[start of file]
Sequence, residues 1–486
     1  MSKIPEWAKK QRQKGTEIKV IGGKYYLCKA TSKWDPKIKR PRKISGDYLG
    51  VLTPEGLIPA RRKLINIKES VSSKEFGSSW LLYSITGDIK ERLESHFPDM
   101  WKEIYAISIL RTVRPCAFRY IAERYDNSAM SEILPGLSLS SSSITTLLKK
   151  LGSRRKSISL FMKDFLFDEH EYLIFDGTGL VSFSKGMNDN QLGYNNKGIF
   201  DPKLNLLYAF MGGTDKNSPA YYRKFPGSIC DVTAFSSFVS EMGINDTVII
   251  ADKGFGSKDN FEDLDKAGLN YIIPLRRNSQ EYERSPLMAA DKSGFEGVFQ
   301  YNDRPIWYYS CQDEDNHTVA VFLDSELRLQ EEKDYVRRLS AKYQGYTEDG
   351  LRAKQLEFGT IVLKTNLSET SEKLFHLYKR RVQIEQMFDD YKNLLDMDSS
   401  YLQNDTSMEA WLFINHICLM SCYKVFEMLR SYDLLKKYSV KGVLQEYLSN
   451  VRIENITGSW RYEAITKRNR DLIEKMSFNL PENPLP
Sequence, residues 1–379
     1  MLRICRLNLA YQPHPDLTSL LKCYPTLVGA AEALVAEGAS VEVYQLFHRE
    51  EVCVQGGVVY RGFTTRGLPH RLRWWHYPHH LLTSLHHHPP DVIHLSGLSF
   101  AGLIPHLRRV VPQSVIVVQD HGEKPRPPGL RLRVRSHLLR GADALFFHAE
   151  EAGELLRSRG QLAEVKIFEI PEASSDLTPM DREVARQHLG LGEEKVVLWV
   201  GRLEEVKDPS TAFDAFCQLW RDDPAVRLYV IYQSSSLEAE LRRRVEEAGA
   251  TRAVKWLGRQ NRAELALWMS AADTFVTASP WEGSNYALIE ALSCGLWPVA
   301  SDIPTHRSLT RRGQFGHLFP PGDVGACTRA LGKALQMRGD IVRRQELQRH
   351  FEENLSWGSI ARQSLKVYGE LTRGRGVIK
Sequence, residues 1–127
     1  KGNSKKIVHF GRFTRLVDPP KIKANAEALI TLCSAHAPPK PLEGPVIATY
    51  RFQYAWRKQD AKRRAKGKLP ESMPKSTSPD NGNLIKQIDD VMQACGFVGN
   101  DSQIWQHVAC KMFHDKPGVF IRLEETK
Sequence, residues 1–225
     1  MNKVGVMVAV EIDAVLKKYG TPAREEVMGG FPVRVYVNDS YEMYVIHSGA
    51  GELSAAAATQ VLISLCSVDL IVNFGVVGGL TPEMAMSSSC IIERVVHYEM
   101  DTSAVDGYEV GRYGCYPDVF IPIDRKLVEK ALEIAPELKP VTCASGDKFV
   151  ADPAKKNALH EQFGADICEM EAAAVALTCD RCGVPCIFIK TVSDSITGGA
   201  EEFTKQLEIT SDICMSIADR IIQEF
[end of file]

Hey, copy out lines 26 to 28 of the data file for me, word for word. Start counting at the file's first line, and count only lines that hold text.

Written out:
     1  MNKVGVMVAV EIDAVLKKYG TPAREEVMGG FPVRVYVNDS YEMYVIHSGA
    51  GELSAAAATQ VLISLCSVDL IVNFGVVGGL TPEMAMSSSC IIERVVHYEM
   101  DTSAVDGYEV GRYGCYPDVF IPIDRKLVEK ALEIAPELKP VTCASGDKFV